I offer no comment about Feynman and the Higgs boson. However, permit me to note that either of the 2 last links in my signature (immediately below) points to work that provides a technique for cataloging types of elementary particles. There is a place (4w5) in the catalog for Higgs-like particles. The catalog includes categories for all known elementary-force-mediating bosons, a possible decomposition of the strong interaction, and more.

To the extent you are interested, perhaps you will read “Physics 642b.” It is written so that someone with understanding of logarithms and exponentials can (hopefully) learn much of what’s in the book. Permit me to attach two extracts from the book. The first extract makes two references to Feynman.

Here are the cited links:


In response to a recent exchange with a fellow graduate of Calech who asked what I was up to these days, I just replied as follows:

Dear Tom,.

After taking a sabbatical from programming that ran almost three years, as described in

I have put on my programmer’s cap again. I am having lots of fun. See for example,

My main project is SPITBOL for Linux, which can be found at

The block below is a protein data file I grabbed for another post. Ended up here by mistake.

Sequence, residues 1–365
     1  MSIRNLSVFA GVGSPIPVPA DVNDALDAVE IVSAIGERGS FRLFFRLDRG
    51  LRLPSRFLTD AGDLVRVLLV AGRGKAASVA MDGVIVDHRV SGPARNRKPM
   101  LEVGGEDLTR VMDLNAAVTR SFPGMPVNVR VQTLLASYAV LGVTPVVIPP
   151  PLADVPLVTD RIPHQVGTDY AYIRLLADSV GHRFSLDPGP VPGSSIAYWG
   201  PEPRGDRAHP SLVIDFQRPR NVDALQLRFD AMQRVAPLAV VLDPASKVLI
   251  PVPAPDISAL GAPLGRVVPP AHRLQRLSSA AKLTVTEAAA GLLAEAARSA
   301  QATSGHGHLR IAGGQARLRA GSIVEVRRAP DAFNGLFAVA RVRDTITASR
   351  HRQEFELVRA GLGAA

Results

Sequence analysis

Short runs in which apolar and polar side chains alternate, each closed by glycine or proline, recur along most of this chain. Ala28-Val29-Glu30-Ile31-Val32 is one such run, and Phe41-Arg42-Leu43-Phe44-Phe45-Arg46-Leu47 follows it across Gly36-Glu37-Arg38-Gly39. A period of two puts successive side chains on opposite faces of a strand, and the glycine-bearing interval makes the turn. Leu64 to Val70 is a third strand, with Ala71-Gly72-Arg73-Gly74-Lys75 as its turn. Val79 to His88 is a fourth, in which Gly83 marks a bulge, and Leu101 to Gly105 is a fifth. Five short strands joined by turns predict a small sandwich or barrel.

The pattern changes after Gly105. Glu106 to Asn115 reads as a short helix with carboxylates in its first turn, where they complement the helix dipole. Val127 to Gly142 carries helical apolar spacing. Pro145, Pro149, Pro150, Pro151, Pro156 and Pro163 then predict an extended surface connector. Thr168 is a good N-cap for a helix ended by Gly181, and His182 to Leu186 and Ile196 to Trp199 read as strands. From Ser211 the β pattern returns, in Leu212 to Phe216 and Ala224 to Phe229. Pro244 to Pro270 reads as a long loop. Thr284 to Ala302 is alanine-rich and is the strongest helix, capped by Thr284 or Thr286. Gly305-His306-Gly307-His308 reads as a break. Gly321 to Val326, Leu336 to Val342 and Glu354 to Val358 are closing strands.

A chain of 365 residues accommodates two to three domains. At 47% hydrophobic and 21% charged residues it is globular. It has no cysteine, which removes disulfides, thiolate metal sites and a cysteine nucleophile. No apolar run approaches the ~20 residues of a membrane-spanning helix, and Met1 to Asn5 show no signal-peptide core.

Macro SPITBOL is the best-ever implementation of SNOBOL4. Few people remember SNOBOL4, though anyone who has ever called a library procedure named ‘span’ or ‘break’ is paying homage to that ancient language, as it established these terms.

SNOBOL/SPITBOL remains the best string-search, pattern-matching, language ever invented. It is also astoundingly efficient.

As best as I can tell, the available libraries/languages for manipulating strings, including pattern matching, are very weak when it comes to Unicode.

My current principal professional goal is to fix that.

I hope within a few weeks (months?) to add full Unicode support to SPITBOL, in a form that will allow the writing of apps for both iPhone and Android.

SPITBOL remains among the most powerful, as well as the most elegant — in a humble sort of way — programming languages ever created, and none to date has surpassed its expressive power.

Macro SPITBOL is also the *most fun* programming effort I have ever been involved in, going back to when I did the implementation for the CDC 6600 in the mid 70’s, and later, with Robert B. K. Dewar, as a co-author of SPITBOL PC, which brought the power of SPITBOL to the IBM PC.

Recent news has led me to wonder what our former Professor, Richard Feynman, would have said of the recent Higgs discovery.

Feynmans’s mind is still the finest I have ever encountered — though that of my colleague and thesis advisor Jack Schwartz is a close second.